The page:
Under the armor - What did Samurai wear?


What Did Samurai Wear Under Their Armor?

The samurai, Japan’s noble warriors, are renowned for their distinctive weapons such as katana and armor. This armor, a symbol of their status and bravery, was not just for show. It was a practical necessity, designed to protect them in battle. But have you ever wondered what the samurai wore beneath this armor? Similar to Western knights who wore chainmail under their armor, the samurai had a different approach. This article will delve into the details of what lay beneath the samurai’s armor.

The samurai armor, the most famous one is called Yoroi, was a complex assembly of various components, each designed to provide maximum protection while allowing the warrior to move freely. Beneath this intricate exterior, things samurai wore are called the Shitagi (下着). Shitagi in Japanese literally means “underwear”. We will introduce the various Shitagi a samurai will wear.

Fundoshi (褌):
We will begin from the bottom, the Fundoshi (褌). Fundoshi is a traditional Japanese men’s underwear, it is fundamentally a loincloth, that wraps around the hips. The Japanese word “fundoshi” combines symbols for “clothing” and “military”, linking it to battle attire. During Japan’s Warring States period, you could tell a fallen samurai’s rank by whether they wore a fundoshi, as cloth was pricey back then. Initially, these were mostly made from hemp, but during the Edo period, cotton became more common, making fundoshi popular among ordinary people as well as warriors. Some upper class even wore fundoshi made from crepe fabrics.

Yoroi Hitatare (鎧直垂)
The Yoroi Hitatare (鎧直垂) is a specific type of clothing that samurai started wearing under their armor towards the end of the Heian period. Samurai who served the court and the kuge class typically wore suikan under their armor during this period. However, other samurai preferred to wear their everyday clothes, known as hitatare (直垂).

This outfit was more comfortable and soon became the preferred choice to wear under armor. The design of the hitatare was modified for this purpose, with the sleeves being made shorter and narrower. Despite these changes, the hitatare remained a flashy piece of clothing. Its color, material, and decorations were chosen based on the personal preferences and financial means of the wearer. During the early Kamakura period, silk hitatare were usually only worn by high-ranking military leaders.

Kyahan (腳絆)
Kyahan (腳絆) is a type of traditional Japanese leg coverings or gaiters. They’re used for protection and comfort during travel or battles. There are various kinds of Kyahan, such as gama-kyahan and yama-kyahan, also known as mountain gaiters. The material used to make these gaiters can differ. Both types have cords at the top and bottom. The top cords are standard, while the bottom ones have clasps. Gama-kyahan are woven from the gama plant and are primarily found in the Shinano region. Regular gaiters typically have buttons. Kyahan are suitable to wear under Suneate, the shin guard for samurai armor.

Hakama (袴)
Hakama (袴) is a type of traditional Japanese clothing. It’s like a skirt-pants combo that you wear over your kimono. It’s used in martial arts training and also for formal occasions. It’s tied at the waist and falls to the ankles. It’s great to wear under armor because it allows you to move freely and stay comfortable.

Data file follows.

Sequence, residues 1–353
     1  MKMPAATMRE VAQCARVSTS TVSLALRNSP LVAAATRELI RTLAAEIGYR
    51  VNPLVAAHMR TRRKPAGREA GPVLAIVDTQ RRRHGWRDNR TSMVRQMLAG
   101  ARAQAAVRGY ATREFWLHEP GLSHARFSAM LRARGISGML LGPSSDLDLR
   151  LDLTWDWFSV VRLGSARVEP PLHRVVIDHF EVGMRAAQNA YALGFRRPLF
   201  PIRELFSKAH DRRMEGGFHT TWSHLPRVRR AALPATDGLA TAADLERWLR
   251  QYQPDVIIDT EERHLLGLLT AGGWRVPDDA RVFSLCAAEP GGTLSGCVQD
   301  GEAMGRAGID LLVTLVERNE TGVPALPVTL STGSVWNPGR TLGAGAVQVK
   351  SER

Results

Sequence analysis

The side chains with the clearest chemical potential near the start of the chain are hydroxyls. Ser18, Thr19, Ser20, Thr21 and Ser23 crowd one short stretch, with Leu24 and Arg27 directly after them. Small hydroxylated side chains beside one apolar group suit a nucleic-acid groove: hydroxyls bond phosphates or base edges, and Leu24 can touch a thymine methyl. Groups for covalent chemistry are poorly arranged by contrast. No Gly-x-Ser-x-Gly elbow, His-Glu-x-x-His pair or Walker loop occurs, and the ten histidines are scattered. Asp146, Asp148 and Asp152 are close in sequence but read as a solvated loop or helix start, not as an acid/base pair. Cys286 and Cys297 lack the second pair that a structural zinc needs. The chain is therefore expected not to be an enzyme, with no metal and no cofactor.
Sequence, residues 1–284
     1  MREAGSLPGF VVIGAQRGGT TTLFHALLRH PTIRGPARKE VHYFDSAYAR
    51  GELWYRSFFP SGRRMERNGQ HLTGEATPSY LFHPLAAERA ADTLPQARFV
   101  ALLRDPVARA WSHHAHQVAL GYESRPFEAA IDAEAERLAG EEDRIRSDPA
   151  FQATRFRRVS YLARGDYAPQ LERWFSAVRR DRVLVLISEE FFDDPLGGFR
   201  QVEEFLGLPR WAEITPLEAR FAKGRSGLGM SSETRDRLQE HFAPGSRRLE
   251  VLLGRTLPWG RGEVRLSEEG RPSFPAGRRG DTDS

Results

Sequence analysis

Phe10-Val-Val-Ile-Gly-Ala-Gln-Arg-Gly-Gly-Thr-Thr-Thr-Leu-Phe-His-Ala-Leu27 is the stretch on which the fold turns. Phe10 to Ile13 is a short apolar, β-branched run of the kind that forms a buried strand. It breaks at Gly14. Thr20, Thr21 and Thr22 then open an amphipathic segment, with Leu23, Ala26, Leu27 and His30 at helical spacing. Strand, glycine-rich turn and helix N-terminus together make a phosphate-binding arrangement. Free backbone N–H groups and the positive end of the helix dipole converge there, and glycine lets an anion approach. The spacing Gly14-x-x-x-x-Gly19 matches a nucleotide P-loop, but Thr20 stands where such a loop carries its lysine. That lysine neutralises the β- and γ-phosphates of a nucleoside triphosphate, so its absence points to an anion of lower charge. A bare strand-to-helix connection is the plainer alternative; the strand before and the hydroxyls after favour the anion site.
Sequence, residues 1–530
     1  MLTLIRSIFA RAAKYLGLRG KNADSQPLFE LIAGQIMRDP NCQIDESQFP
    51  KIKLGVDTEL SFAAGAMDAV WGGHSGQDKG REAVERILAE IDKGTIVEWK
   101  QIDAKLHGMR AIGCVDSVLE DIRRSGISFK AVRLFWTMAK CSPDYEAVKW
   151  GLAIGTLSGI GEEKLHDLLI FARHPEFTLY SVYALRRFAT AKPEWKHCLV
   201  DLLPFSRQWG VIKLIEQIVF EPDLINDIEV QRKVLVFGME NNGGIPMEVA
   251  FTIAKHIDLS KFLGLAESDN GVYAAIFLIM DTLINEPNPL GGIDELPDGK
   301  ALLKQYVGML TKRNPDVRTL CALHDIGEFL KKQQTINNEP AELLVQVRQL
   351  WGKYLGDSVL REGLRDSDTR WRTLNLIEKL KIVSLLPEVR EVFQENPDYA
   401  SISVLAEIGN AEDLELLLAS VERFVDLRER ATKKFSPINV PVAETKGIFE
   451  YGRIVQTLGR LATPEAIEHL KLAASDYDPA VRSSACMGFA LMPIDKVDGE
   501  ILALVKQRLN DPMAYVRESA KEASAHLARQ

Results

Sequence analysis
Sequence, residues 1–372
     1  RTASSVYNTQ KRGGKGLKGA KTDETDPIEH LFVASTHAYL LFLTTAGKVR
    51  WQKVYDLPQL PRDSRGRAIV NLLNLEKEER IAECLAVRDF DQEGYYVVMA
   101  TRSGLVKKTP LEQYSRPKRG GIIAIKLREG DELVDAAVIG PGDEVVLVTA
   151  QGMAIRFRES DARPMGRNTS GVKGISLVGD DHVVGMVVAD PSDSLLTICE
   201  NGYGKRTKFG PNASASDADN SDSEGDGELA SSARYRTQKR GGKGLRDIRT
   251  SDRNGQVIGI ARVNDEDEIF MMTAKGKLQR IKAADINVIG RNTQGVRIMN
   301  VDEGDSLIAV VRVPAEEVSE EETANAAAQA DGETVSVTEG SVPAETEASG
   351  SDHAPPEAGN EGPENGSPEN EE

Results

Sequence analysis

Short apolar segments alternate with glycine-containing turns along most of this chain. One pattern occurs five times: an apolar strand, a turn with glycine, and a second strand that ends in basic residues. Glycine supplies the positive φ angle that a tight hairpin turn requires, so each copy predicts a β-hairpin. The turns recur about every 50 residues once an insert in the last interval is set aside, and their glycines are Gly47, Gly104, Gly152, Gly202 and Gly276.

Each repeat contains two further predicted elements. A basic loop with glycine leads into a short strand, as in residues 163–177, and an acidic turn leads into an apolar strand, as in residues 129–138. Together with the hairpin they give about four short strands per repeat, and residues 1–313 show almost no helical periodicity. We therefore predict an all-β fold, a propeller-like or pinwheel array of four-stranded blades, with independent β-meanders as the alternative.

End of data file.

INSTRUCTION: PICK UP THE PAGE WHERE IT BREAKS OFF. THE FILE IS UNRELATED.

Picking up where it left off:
Tabi (足袋)
Tabi (足袋) are traditional Japanese socks. They are unique because they have a separation between the big toe and the rest of the toes. This design allows them to be worn comfortably with sandals. When it comes to samurai armor, Tabi were an important part of the outfit. They were worn underneath the armor to provide comfort and protection for the feet. This was especially important in battles, where footwork and mobility were key. The Tabi would help to prevent blisters and other discomforts that could distract a samurai during combat.

Eboshi (烏帽子)
Eboshi (烏帽子) is a traditional Japanese hat that’s been around since the Nara period. It’s usually made from black cloth, like hemp or even paper sometimes. It’s called “bird hat” because it looks like black bird feathers.

At first, these hats were soft and could be shaped to fit the head, covering the hair. This style, called nae-eboshi (flexible eboshi), was popular among regular folks. But over time, the fabric was made stiff and shiny to stand tall.

For samurai, the style of the eboshi changed based on their rank and role. As samurai gained power, they started wearing fancier versions of the nae-eboshi, like the hikitate-eboshi, which was easy to wear under a kabuto (helmet).

When fashion started favoring a sharper look, the samurai began wearing a folded hat called the ori-eboshi. This became the go-to hat for samurai and was also known as the “samurai-eboshi.” The ori-eboshi was folded in different ways and then made shiny to keep its shape.

So, there you have it - a peek into the hidden layers beneath the samurai’s armor. Each piece, from the Fundoshi to the Eboshi, was not just practical but also a reflection of the samurai’s status and personal style. It’s a testament to the samurai’s meticulous attention to detail and their unwavering dedication to their role as warriors. The samurai’s under-armor truly is a fascinating aspect of Japan’s rich cultural history.

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